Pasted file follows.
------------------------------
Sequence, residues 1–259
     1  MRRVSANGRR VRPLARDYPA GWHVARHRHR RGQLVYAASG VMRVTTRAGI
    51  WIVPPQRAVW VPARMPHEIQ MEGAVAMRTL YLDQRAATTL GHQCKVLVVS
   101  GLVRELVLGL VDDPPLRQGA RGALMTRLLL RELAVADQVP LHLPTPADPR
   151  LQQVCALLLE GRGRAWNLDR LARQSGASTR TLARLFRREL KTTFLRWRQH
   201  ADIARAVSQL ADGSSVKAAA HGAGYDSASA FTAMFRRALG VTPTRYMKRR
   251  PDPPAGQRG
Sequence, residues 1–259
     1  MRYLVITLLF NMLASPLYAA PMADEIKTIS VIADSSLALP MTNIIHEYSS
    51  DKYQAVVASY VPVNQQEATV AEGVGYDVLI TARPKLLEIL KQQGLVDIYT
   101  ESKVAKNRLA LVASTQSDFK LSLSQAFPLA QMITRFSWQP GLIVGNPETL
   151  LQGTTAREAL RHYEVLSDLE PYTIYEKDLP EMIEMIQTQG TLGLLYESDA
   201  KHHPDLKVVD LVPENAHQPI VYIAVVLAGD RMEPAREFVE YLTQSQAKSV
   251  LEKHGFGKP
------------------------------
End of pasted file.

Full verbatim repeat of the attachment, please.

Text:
Sequence, residues 1–259
     1  MRRVSANGRR VRPLARDYPA GWHVARHRHR RGQLVYAASG VMRVTTRAGI
    51  WIVPPQRAVW VPARMPHEIQ MEGAVAMRTL YLDQRAATTL GHQCKVLVVS
   101  GLVRELVLGL VDDPPLRQGA RGALMTRLLL RELAVADQVP LHLPTPADPR
   151  LQQVCALLLE GRGRAWNLDR LARQSGASTR TLARLFRREL KTTFLRWRQH
   201  ADIARAVSQL ADGSSVKAAA HGAGYDSASA FTAMFRRALG VTPTRYMKRR
   251  PDPPAGQRG
Sequence, residues 1–259
     1  MRYLVITLLF NMLASPLYAA PMADEIKTIS VIADSSLALP MTNIIHEYSS
    51  DKYQAVVASY VPVNQQEATV AEGVGYDVLI TARPKLLEIL KQQGLVDIYT
   101  ESKVAKNRLA LVASTQSDFK LSLSQAFPLA QMITRFSWQP GLIVGNPETL
   151  LQGTTAREAL RHYEVLSDLE PYTIYEKDLP EMIEMIQTQG TLGLLYESDA
   201  KHHPDLKVVD LVPENAHQPI VYIAVVLAGD RMEPAREFVE YLTQSQAKSV
   251  LEKHGFGKP